Obviously anything "green" will be led by these big companies because they have the resources and influence. If Tesla were being truly green they would tell their customers not to use cars or other products as much. This is unlikely to as they have cars to sell. Governments who impose restrictions on e.g. travel at the scale required will be unpopular and get unelected. This is my point: those that have actual influence have competing priorities and any action that is taken is likely to be small and uncoordinated. 

Tesla wasn’t a big company 17 years ago - it is now. Because it creates products that people want. One of the compelling features is it’s cars are more sustainable for the environment than alternatives. 

Elon Musk also tried to build solar city, but that failed. But he did that with his own money and investors invested hoping for returns. 

The idea that reducing CO2 emissions is solely a job for of centrally planned governments is ludacris and self defeating… it’s almost like people don’t want to reduce CO2 emissions they want to prevent someone somewhere making a profit…

Most government action to appease environmentalists does more harm than good, take Germany closing down nuclear plants because of demands of green activists and becoming more reliant on coal. 

Exactly my points. Creates products, products cost resources. To me, it's just someone selling something slightly different and that USP then means they can charge more for it. More sustainable than alternatives yes, so overall I am glad they exist rather than not, but that doesn't mean it is actually a solution. Removing it completely or reducing the use could be a solution but that is not going to happen and won't be led by those selling it will it? They have money to make, jobs to create, personal egos to maintain etc.

As to the rest I never said it's solely a job for governments, in fact, I was acknowledging big companies play a very large role. Although that is certainly not a ludicrous idea at all, look at China. It is just because in the UK and US business is now bigger than government. Those governments have economic interests and popularity to get re-elected as priorities greater than environmental. If concerns about the latter increase substantially, that could change though. Small countries where climate change is a direct threat to life and livelihoods are the place to look for where it's happened already. 
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Post Options Post Options   Thanks (0) Thanks(0)   Quote dr_martinov Quote  Post ReplyReply Direct Link To This Post Posted: 20 January 2022 at 11:38am
I think what I'm putting forward is that the aims of capitalism - and metrics upon which success are judged - have to change and adapt. It should no longer be seen that economic growth is good, for example. If we see that the UK's economy has grown by such-and-such a % we should really be asking "at what cost, and to who?". At present, people are investing to make more money back but this model is not sustainable at the environmental level. My comments above are that those who decide this, companies and governments, are all fully invested in this system and that anyone different is firmly on the outside with limited opportunity to influence. Usually, because they don't have enough money or lack coordination.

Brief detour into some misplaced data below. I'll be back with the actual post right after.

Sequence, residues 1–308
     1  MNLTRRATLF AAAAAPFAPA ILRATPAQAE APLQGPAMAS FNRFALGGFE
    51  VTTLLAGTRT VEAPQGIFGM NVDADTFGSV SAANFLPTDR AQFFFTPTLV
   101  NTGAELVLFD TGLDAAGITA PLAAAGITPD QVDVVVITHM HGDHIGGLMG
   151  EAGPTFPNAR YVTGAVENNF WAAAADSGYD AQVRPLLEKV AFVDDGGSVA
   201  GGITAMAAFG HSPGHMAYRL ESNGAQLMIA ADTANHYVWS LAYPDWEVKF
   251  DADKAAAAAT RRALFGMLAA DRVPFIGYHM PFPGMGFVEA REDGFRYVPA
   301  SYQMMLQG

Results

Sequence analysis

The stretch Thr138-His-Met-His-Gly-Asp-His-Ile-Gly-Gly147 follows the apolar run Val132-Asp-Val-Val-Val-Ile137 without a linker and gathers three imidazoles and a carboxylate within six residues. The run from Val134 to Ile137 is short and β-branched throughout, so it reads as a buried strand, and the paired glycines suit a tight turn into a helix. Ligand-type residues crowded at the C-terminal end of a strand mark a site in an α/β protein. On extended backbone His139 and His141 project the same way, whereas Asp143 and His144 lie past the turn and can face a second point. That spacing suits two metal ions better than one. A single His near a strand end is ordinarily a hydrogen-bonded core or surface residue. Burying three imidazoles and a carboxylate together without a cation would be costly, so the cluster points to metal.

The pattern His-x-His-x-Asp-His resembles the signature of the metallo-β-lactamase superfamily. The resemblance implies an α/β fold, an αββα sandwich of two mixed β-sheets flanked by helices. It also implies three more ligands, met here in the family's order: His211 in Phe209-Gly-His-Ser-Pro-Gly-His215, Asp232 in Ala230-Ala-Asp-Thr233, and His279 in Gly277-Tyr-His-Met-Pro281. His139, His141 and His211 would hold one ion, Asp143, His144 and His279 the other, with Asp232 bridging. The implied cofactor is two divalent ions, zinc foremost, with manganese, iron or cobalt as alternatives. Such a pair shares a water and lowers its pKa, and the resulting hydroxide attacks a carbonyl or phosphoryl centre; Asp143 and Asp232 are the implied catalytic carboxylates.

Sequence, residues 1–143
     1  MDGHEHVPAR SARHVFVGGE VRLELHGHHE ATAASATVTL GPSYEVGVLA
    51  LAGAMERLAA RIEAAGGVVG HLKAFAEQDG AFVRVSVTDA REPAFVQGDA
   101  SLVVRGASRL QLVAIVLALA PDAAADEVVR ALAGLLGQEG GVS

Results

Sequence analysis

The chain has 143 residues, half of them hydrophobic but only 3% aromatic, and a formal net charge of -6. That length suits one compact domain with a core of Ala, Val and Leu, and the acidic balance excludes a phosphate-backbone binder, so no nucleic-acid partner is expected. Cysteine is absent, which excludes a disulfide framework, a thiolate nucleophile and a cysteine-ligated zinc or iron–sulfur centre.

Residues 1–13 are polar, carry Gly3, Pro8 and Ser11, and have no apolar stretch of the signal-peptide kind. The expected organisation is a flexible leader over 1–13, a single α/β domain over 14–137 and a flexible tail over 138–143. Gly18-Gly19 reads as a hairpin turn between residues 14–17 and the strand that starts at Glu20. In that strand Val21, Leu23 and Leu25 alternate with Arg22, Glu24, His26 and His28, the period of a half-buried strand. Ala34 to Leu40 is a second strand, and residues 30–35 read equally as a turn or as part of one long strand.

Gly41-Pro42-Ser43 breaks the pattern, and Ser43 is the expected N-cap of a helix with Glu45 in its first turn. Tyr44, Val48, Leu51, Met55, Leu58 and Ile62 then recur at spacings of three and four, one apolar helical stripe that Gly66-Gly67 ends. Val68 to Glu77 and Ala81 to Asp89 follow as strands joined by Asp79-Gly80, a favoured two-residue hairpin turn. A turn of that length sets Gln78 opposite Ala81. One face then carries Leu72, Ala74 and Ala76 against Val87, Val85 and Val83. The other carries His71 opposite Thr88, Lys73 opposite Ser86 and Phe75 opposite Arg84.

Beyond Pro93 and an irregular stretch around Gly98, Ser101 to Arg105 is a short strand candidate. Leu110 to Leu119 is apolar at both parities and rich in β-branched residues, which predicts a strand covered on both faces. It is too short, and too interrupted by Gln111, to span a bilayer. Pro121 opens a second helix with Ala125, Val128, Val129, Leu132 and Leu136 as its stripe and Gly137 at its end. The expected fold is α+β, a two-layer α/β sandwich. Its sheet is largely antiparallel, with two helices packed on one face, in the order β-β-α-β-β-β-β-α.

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Post Options Post Options   Thanks (0) Thanks(0)   Quote GPR - Rochester Quote  Post ReplyReply Direct Link To This Post Posted: 20 January 2022 at 1:11pm
Originally posted by dr_martinov dr_martinov wrote:

I think what I'm putting forward is that the aims of capitalism - and metrics upon which success are judged - have to change and adapt. It should no longer be seen that economic growth is good, for example. If we see that the UK's economy has grown by such-and-such a % we should really be asking "at what cost, and to who?". At present, people are investing to make more money back but this model is not sustainable at the environmental level. My comments above are that those who decide this, companies and governments, are all fully invested in this system and that anyone different is firmly on the outside with limited opportunity to influence. Usually, because they don't have enough money or lack coordination.

What you are saying Dr M is correct, but only to a point. Large Corporations do indeed exist for their shareholders interests but we should not dismiss the groundswell of feelings that large finance can influence. Major hedgefunds have been moving their cash away from contentious products towards greener alternatives for many years. Large operations like BP are spending fortunes on their post fossil fuel products so they remain relevant. All is not doom and gloom. As for pioneers of greener alternatives making money - good for the if they make a major contribution towards the climate change problem. 
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Post Options Post Options   Thanks (0) Thanks(0)   Quote Jones2004 Quote  Post ReplyReply Direct Link To This Post Posted: 20 January 2022 at 4:28pm
Originally posted by dr_martinov dr_martinov wrote:

I think what I'm putting forward is that the aims of capitalism - and metrics upon which success are judged - have to change and adapt. It should no longer be seen that economic growth is good, for example. If we see that the UK's economy has grown by such-and-such a % we should really be asking "at what cost, and to who?". At present, people are investing to make more money back but this model is not sustainable at the environmental level. My comments above are that those who decide this, companies and governments, are all fully invested in this system and that anyone different is firmly on the outside with limited opportunity to influence. Usually, because they don't have enough money or lack coordination.